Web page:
Wall Street is not getting much use out of expensive financial data generated by a Securities and Exchange Commission-backed technology platform designed to help analysts extract financial details about companies for analysis, according to a new study issued by Columbia University researchers.
The platform, known as eXtensible Business Reporting Language (XBRL), was first sanctioned by the SEC in 2009, and has been phased in as a requirement for public companies over the past few years. Yet the authors of the study, released by Columbia Business School’s Center for Excellence in Accounting and Security Analysis, say that fewer than 10 percent of investors currently use the company data provided through XBRL.
Some critics of XBRL blame its low usage on the complexity of its electronic data tagging system, which requires companies to select from a list of nearly 15,000 tags to categorize financial information. Filing XBRL documents requires public companies to employ technologists who understand its taxonomy as well as the nuances of their particular industry.
The XBRL system was mandated by the SEC as a way to make the data contained in financial filings such as annual reports more available to investors interested in mining it for valuable analytical insights. Due to the burden of implementation, the SEC initially required only large public companies to file XBRL versions of their financials. It also requires companies to file both a hard copy and an XBRL copy of each document.
“The real problem is that companies are still submitting the plain-text version [of financial filings] in addition to the XBRL version,” says Hudson Hollister, executive director of the Data Transparency Coalition, a trade association focused on data disseminated by the federal government.
The XBRL versions tend not to incorporate all of the data contained in the plain-text versions, and are notoriously error-prone. Since the SEC started requiring XBRL, there have been nearly 1,250 data-tag restatements, according to research firm Baseline Insights.
Many analysts instead rely on third-party data aggregators such as Bloomberg and Google Finance, which scrape data from the plain-text versions, a cumbersome and sometimes costly process that nonetheless is perceived as more reliable than XBRL.
XBRL traces its origins back to Morgan Stanley in the early 2000s, where a managing director named Trevor Harris worked on a precursor called ModelWare. Harris, now the Arthur J. Samberg Professor of Professional Practice at Columbia Business School, is the lead author of the new study.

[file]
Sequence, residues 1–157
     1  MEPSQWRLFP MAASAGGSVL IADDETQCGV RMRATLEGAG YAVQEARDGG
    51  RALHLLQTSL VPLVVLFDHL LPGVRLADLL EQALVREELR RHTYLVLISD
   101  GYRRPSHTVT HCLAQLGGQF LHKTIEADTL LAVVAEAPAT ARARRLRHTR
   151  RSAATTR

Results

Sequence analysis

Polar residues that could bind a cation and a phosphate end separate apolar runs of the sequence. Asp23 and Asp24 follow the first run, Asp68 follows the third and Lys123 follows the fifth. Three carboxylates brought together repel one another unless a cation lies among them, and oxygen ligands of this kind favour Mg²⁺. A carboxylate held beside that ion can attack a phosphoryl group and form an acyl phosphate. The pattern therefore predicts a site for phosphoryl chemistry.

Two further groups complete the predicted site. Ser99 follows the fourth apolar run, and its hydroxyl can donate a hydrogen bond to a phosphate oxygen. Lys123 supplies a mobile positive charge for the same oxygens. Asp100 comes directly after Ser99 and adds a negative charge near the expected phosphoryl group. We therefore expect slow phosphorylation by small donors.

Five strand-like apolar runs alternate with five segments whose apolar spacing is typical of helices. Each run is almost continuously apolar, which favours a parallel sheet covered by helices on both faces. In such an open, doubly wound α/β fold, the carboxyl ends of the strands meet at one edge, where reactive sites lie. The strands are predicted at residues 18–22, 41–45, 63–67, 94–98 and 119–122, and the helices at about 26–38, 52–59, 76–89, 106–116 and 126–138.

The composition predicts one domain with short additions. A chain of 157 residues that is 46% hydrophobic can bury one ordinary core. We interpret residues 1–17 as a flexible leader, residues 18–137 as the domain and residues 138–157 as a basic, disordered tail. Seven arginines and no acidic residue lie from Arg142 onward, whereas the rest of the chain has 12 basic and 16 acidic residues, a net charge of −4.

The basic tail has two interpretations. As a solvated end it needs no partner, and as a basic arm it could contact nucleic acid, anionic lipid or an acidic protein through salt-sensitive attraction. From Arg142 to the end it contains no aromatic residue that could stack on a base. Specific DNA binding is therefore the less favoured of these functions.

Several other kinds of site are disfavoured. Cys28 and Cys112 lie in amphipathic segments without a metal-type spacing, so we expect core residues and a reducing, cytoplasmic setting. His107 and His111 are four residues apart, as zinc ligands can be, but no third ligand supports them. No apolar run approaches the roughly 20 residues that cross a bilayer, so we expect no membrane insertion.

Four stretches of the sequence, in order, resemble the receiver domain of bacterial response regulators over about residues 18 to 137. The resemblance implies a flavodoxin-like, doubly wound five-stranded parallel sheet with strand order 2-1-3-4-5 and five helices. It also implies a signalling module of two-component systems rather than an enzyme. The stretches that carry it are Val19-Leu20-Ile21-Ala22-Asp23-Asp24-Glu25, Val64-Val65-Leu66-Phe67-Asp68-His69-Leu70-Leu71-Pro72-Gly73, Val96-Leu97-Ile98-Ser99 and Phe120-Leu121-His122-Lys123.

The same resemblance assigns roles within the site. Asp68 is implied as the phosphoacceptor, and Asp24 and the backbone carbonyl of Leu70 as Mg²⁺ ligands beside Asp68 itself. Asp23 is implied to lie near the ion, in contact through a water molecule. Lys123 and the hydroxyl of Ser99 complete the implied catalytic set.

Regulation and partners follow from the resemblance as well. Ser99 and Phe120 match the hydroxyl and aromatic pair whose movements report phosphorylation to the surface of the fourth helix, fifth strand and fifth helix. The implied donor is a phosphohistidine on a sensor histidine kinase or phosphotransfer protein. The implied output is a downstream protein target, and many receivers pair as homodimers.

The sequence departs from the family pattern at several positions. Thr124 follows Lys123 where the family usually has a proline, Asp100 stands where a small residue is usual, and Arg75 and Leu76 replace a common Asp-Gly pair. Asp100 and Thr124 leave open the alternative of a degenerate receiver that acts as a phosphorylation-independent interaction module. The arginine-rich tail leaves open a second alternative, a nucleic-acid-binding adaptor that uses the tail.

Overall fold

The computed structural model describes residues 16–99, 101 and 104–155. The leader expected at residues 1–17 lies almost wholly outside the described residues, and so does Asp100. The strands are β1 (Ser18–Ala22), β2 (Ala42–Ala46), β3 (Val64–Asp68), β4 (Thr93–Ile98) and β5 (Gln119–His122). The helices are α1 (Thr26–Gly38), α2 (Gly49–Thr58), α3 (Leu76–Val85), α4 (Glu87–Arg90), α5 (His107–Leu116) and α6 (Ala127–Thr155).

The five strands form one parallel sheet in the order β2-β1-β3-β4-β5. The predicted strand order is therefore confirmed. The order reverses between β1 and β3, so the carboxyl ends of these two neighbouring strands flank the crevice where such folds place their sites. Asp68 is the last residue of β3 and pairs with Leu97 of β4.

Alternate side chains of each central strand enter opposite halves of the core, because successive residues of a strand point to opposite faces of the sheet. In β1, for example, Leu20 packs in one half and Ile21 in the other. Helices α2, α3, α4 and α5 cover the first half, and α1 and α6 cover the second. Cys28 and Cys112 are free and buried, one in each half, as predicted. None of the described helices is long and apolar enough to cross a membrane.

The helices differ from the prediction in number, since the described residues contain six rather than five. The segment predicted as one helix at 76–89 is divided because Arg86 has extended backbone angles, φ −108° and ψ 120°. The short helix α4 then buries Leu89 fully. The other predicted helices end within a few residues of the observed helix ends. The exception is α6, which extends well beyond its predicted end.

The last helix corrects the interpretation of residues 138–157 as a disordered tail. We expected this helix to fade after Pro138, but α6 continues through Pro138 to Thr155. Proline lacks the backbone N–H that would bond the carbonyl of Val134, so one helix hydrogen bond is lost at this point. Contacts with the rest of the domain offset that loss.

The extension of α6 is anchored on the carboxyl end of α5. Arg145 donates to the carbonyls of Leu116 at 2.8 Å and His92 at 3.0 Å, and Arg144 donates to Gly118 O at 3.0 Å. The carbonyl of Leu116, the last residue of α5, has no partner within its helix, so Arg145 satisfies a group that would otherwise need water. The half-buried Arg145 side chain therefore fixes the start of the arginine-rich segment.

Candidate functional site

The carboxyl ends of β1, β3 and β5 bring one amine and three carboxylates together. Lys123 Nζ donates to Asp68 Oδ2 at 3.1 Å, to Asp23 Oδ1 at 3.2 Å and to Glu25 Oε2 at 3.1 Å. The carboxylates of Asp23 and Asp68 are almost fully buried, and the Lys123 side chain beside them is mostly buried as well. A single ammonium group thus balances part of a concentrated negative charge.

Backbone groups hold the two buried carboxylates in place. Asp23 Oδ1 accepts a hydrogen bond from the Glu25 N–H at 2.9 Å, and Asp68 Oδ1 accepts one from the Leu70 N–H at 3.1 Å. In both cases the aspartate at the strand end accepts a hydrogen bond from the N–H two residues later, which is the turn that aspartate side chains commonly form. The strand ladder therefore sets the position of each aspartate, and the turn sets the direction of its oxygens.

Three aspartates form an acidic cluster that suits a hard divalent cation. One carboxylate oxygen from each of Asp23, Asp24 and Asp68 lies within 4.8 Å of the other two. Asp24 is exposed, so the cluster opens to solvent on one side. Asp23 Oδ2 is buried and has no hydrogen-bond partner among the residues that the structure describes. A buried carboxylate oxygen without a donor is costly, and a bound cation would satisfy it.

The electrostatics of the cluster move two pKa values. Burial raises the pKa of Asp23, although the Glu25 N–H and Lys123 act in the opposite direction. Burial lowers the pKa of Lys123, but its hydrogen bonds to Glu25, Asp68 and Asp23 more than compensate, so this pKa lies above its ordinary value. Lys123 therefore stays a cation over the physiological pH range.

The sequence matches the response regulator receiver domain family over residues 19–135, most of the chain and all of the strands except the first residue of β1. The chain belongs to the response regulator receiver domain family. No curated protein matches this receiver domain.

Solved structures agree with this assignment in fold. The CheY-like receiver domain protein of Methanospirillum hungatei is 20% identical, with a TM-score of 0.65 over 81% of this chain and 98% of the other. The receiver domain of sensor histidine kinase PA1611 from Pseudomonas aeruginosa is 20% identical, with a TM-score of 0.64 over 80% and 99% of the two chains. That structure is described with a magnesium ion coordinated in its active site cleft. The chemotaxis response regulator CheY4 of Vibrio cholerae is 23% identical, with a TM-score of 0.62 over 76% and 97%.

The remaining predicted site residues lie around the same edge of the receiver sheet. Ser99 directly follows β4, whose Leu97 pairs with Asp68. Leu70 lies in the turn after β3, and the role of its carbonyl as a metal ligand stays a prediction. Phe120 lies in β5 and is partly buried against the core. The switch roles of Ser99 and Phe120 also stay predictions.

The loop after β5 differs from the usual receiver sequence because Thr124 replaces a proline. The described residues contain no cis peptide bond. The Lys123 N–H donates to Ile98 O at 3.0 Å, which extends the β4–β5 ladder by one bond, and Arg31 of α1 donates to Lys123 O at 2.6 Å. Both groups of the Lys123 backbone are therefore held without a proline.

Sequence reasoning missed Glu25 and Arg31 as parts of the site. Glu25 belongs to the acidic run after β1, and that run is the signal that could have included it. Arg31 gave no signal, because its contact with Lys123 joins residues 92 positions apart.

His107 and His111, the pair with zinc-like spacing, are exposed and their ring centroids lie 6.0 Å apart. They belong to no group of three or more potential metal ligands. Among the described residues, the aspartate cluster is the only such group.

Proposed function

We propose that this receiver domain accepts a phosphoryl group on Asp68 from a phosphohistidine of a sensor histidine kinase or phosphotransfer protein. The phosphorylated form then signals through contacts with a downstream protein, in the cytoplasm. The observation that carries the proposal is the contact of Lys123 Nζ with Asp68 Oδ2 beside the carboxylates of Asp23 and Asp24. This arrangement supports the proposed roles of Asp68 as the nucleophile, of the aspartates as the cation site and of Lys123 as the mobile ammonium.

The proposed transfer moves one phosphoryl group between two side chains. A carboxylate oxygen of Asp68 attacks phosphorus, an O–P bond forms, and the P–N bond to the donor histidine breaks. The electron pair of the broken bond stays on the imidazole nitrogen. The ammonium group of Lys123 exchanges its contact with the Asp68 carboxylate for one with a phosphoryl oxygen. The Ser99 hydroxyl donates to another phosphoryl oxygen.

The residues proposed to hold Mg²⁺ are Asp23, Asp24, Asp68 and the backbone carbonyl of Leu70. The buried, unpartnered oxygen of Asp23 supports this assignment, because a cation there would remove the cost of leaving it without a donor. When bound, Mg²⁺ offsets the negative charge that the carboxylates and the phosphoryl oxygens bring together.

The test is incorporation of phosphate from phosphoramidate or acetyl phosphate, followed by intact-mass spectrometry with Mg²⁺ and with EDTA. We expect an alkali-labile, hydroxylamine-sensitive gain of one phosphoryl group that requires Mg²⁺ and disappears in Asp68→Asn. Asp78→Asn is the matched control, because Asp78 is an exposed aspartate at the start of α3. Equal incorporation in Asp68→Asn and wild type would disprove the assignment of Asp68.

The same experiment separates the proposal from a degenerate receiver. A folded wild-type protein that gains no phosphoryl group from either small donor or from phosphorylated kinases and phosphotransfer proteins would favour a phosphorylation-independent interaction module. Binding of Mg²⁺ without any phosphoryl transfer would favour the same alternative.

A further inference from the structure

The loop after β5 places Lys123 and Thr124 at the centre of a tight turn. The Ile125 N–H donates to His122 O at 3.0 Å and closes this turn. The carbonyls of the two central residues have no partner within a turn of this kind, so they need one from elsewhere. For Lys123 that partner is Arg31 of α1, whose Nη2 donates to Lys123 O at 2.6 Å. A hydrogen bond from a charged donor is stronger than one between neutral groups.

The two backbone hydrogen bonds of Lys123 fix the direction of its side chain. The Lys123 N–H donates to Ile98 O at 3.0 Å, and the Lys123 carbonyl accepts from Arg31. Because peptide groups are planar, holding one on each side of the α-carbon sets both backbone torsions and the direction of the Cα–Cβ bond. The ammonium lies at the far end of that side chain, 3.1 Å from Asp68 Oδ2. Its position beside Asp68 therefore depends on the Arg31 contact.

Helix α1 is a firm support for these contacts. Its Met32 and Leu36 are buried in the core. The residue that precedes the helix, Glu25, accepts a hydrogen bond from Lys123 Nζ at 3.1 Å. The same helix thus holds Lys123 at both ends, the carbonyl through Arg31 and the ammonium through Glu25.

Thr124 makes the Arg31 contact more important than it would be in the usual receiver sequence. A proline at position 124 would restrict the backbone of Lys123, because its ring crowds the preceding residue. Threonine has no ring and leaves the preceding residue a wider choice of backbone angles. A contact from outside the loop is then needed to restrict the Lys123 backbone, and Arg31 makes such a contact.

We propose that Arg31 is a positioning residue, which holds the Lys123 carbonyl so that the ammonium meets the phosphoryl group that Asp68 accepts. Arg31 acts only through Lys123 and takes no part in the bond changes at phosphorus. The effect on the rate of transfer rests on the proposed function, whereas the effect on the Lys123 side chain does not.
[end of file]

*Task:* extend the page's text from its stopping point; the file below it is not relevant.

It may sound surprising that one of the fathers of XBRL has become one of its most vocal critics. But the study’s co-author, Suzanne Morsfield, who also worked at Morgan Stanley, says it was partly born out of the notion that the capabilities of today’s data technologies and Internet-based services may have already eclipsed those of XBRL.
In addition, Morsfield says, analysts increasingly are relying on unstructured data to augment the information gleaned from a public company’s financial statements. XBRL was designed expressly for use by the SEC, and therefore is not currently capable of incorporating data not certified by a company’s accountants.
“There are hints in the Columbia report that the technology could provide transaction-level detail and that it may be possible now for big data platforms to use unstructured data, too,” says Hollister of the Data Transparency Coalition. He also notes that the SEC is a highly fragmented government organization, which has many offices that don’t always work well together. The result, he says, is that the commission has implemented a system that is not widely used, in part because it hasn’t been developed to its full potential.
“Things are evolving so fast,” says Columbia’s Morsfield, that analysts who were interested in incorporating data from XBRL into their research activities have already moved on to other solutions. “These guys thought it would be ready. There’s an expectational gap.”
Alec Foege, a contributing editor at Data Informed, is a writer and independent research professional based in Connecticut, and author of the book The Tinkerers: The Amateurs, DIYers, and Inventors Who Make America Great. He can be reached at firstname.lastname@example.org.
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